SDG 12

Worldwide material consumption has expanded rapidly, as has material footprint per capita, seriously jeopardizing the achievement of Sustainable Development Goal 12 and the Goals more broadly. Urgent action is needed to ensure that current material needs do not lead to the overextraction of resources or to the degradation of environmental resources, and should include policies that improve resource efficiency, reduce waste and mainstream sustainability practices across all sectors of the economy.

Recent research at the School of Global Policy and Strategy

In order to achieve zero carbon emissions, the US will need a plan. SDGPI is part of a coalition of the nation’s leading experts who have laid out the path forward to reach zero carbon emissions in the United States by 2050.   In October 2020, the Sustainable Development Solutions Network released the Zero Carbon Action Plan, an actionable national strategy for a just transition to achieve net zero emissions by 2050. Watch the Launch Read the Report Climate change…
Today’s global food and land-use systems are not meeting the needs of food security, healthy diets, adequate incomes for farmers,  zero emissions, protection of biodiversity, chemical pollution and sustainable use of water resources. The goal of FABLE is to develop consistent global and national pathways towards sustainable land use and food systems by 2050. The FABLE Consortium has released its 2020 Report on Pathways to Sustainable Land-Use and Food Systems. Explore the latest trends in food and land-use with the…


David Victor and Gordon McCord

The Zero Carbon Action Plan (ZCAP) will serve as a roadmap for the U.S. based on the latest modeling, research and understanding of decarbonizing six key sectors (power, transport, industry, buildings, food and land use, and materials) supported by technical pathways to zero carbon by 2050, as well as supporting policy recommendations. The ZCAP was designed by a cohort of nearly 100 researchers and 19 Chairs who make up the Zero Carbon Consortium, who are experts in their fields of climate change policy; clean energy pathways modeling; industrial policy high-employment green economies; legislative and regulatory policy; electricity (power) generation; transportation; industry; buildings; sustainable land-use; and sustainable materials management.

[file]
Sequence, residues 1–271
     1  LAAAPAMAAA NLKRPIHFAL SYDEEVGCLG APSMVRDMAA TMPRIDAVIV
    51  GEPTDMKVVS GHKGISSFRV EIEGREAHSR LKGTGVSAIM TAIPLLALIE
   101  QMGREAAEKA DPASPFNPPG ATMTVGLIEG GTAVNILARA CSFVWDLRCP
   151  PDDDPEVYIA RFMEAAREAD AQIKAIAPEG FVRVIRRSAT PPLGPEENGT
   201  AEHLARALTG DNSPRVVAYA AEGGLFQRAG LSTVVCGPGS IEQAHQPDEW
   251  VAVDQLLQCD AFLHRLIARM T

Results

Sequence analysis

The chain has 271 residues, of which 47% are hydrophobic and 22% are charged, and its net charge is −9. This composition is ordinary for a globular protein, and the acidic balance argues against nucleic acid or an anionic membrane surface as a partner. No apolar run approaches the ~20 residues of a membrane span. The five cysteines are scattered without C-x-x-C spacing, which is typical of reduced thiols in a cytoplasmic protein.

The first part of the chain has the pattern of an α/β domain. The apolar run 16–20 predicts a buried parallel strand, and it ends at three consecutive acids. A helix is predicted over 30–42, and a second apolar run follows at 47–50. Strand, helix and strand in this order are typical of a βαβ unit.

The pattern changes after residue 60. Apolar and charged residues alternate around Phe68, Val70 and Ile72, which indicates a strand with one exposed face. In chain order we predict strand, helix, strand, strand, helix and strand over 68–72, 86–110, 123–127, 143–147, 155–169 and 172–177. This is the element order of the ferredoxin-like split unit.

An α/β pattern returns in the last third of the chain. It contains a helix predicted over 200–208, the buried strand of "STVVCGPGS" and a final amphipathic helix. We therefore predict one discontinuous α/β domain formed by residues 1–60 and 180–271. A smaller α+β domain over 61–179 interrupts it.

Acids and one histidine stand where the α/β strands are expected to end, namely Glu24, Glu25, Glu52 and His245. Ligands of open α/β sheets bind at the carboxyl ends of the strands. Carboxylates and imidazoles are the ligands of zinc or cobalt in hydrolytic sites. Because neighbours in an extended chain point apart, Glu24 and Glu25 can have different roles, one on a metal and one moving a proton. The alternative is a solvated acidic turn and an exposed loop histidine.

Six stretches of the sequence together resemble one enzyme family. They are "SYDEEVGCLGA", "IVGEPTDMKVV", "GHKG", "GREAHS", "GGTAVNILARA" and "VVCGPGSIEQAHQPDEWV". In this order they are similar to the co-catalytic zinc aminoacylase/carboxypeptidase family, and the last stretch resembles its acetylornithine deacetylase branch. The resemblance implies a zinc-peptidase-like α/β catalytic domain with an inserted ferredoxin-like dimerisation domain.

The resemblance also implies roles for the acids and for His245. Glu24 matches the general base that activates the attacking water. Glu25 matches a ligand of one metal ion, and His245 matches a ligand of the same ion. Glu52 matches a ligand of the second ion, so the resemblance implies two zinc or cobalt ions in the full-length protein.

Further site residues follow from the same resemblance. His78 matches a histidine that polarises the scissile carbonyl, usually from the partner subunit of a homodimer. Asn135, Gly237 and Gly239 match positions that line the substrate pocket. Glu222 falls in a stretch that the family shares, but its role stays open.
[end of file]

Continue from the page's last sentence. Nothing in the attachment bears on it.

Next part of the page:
John Ahlquist

Most research on private governance examines the design and negotiation of particular initiatives or their operation and effectiveness once established, with relatively little work on why firms join in the first place. We contribute to this literature by exploring firms’ willingness to participate in two recent, high-profile private initiatives established in the aftermath of the Rana Plaza disaster in the Bangladesh ready-made garment (RMG) sector: the Accord on Building and Fire Safety and the Alliance for Worker Safety in Bangladesh. We are able to positively attribute only a minority of US RMG imports from Bangladesh to Accord and Alliance signatories. Firms headquartered in the USA were much less likely to sign onto remediation plans, especially the Accord.


Joshua Graff Zivin

This paper examines the effect of stringent environmental regulations on firms’ environmental practices, economic performance, and environmental innovation. Reducing COD levels by 10% relative to 2005 levels is an aim of the Chinese 11th Five-Year Plan. We find that more stringent environmental regulations faced by firms are positively associated with a greater probability of reducing COD emissions; also, there exists an evident heterogeneous effect across industries with different pollution intensities. Stricter environmental regulations also account for the sharp decline in firms’ profits, capital, and labor. We find that firms rely more on recycling and abatement investment than on innovations when meeting environmental requirements.